The question is: Should you see An Inconvenient Truth because it's the right thing to do or because it's a film that's actually worth watching?
The answer is: "Both."
A lot of people will resist seeing this film for a variety of reasons. Maybe you fear an hour and a half of Al Gore is too much or the subject matter is too depressing or the subject matter is too boring or Al Gore is too boring or you'll just feel guilty afterwards or this is just a thinly disguised attempt to boost Gore's chances to run for president again or it's just a one-sided, political screed or global warming is just a hoax perpetrated by hysterics.
The answer is: "None of the above apply."
The film is a testament to the triumph of presentation over material. It is, in effect, a composite of the "slide show" Gore has been delivering around the world, like some obsessive ancient mariner, to anyone who will listen, about the perils of continuing to do nothing about global warming.
Sophisticated graphics and a variety of media make what is essentially a lecture, a far less static experience for the film audience. Yes, you have to pay attention. Yes, there are plenty of charts and numbers. But the film effectively conveys a sense of urgency about the very future of the planet, which makes the viewing experience compelling.
The second half of the film is more engrossing than the first half, but it remains consistently interesting throughout.
As for the "Al Gore factor," he benefits from most people's low expectations. He's neither boring nor overly stiff, and occasionally, he even makes people laugh. The presentation of material is broken up by personal reflections on his childhood, the near-loss of his then-6-year-old son after a car accident, the death of his sister to lung cancer, and, of course, his "loss" in the 2000 election (the one with the big asterisk beside it). All, he says, contributed to his formation as an environmentalist. The asides portray him not as a hero, but as a committed activist, and those who fear he is simply doing this to lay the groundwork for another run at the presidency should know better. No committed crusader could ever get elected, and no one who ever ran for president and "lost" ever gets another chance (Adlai Stevenson being the exception that confirmed that rule).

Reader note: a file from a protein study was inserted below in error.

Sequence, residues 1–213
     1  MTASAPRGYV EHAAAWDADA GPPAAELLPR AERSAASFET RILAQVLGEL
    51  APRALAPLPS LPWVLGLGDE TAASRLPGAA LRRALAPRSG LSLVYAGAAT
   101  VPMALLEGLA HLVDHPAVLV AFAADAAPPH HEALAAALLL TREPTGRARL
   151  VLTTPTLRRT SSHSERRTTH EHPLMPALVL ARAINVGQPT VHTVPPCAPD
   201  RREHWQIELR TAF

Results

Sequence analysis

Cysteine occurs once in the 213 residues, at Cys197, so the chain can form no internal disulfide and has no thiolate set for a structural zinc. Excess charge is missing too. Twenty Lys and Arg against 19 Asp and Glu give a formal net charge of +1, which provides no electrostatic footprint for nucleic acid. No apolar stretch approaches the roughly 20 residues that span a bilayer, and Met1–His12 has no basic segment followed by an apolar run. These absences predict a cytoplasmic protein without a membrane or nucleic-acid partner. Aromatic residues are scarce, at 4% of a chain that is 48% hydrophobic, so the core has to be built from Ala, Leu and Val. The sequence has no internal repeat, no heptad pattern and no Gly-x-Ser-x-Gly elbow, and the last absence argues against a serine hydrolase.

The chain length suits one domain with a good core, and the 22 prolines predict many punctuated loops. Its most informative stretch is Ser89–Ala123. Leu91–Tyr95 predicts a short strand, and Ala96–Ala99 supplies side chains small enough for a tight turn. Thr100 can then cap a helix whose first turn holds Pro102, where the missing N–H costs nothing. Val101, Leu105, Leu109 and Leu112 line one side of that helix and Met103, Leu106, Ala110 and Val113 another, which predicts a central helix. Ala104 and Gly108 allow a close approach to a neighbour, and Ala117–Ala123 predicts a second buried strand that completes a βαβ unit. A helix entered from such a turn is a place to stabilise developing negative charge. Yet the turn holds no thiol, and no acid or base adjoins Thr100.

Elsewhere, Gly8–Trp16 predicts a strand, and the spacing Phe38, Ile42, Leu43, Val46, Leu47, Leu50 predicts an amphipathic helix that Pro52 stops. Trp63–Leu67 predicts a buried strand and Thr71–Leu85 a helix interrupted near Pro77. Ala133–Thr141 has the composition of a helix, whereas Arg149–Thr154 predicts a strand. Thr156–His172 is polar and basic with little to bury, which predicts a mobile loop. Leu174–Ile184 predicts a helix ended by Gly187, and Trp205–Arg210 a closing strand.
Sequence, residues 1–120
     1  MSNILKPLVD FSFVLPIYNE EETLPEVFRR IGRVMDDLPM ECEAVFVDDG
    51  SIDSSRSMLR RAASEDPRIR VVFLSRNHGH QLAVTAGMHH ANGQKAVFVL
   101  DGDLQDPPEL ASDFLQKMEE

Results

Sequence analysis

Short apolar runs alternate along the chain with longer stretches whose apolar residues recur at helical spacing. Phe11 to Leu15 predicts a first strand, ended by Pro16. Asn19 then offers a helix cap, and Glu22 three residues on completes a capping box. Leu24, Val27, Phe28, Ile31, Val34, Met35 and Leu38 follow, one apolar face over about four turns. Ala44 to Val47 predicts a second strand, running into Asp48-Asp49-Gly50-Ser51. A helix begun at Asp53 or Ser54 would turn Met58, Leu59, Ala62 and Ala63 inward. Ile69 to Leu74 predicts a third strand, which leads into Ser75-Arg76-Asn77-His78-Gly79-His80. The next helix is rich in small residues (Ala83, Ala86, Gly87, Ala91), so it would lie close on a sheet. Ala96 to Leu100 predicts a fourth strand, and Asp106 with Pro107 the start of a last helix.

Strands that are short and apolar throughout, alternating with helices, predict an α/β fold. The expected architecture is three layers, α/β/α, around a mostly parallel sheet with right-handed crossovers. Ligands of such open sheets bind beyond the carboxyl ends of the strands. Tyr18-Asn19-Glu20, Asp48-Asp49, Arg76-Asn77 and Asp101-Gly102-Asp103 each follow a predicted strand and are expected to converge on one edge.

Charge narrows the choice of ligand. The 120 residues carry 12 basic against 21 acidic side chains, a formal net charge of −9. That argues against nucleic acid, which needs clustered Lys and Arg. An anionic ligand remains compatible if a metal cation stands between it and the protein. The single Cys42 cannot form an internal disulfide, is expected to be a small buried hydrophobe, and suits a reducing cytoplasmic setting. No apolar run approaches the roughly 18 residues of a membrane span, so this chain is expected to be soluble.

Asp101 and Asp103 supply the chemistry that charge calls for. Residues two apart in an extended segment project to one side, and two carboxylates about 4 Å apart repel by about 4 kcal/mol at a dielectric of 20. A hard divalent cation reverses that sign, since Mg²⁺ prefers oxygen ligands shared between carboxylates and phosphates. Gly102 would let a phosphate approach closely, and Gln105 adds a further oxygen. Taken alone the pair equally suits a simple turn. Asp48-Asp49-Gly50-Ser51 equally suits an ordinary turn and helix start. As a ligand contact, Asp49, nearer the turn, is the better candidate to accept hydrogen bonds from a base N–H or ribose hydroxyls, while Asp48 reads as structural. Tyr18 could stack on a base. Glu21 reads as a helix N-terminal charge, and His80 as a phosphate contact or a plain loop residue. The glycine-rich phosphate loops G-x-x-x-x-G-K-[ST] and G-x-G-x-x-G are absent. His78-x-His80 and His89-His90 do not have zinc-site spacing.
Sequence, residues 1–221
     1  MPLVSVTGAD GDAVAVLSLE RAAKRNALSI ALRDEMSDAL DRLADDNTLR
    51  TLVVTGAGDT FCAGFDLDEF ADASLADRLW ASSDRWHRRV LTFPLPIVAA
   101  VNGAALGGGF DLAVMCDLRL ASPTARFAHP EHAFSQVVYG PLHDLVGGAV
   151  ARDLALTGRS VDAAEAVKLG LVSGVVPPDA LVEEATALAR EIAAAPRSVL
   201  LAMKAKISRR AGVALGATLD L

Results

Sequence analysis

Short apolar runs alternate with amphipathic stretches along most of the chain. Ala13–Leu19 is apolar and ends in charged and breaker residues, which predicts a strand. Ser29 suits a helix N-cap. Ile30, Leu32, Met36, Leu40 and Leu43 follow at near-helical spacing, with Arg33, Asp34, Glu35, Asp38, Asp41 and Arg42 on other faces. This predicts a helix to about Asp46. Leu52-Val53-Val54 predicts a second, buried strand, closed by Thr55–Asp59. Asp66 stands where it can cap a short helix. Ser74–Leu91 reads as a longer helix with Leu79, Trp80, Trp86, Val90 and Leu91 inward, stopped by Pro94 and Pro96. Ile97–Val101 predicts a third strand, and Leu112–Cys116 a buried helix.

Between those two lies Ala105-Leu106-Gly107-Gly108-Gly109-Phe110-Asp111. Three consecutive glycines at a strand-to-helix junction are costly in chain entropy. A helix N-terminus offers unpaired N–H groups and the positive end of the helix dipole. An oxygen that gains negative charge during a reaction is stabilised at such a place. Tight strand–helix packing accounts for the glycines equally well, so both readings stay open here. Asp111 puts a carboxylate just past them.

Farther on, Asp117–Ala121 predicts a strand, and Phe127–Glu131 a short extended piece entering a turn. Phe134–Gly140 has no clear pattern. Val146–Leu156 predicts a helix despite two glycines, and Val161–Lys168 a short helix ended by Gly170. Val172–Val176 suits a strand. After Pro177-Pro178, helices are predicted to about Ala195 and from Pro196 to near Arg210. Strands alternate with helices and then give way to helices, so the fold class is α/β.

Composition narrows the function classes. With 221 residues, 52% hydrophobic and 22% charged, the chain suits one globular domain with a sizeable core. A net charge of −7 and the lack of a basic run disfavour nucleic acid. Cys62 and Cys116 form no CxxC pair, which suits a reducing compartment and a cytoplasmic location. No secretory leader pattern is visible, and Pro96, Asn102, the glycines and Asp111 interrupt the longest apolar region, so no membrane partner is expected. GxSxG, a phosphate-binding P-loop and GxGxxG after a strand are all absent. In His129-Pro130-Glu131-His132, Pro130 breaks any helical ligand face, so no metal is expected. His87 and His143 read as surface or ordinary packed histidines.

The upshot is, people should not use Al Gore as an excuse for avoiding this film.
It never quite lives up to its movie poster billing as "The most terrifying film you'll ever see," but it certainly gets your attention. Just as we became desensitized to impending nuclear annihilation, we have become numb to the notion that we might render our planet uninhabitable. It may well take a real crisis like the scenerios Gore describes in this film to break through our denial. Those scenerios, especially the consequences of rising ocean levels along highly populated coastlines, are harrowing to say the least.
But he is no mere messenger of apocalypse. Noting that too many people go directly from "denial to despair," Gore says there is something in between?#34;actually doing something. In fact, he lays out a specific series of steps that, without wrenching changes, would allow us to cut back our global-warming-causing carbon dioxide emissions to pre-1970 levels. We already have the technology in place to do it. All it would take, he says, is political will.
"Fortunately," he tells one receptive audience, "political will is a renewable resource."
Should you see this film? If you don't want to believe me, maybe Roger Ebert would carry more weight. In 39 years of reviewing, he wrote recently, he has never said, "You owe it to yourself to see this movie." But he wrote just that in his review of An Inconvenient Truth. "And if you don't," he continued, "you owe it to your grandchildren to explain why."
The end credits cleverly combine with specific ideas on what viewers can do to spread the word about this "inconvenient truth." One of the suggestions is telling people to see this film.
Do I think you should you see this film?
Only if you want the planet saved.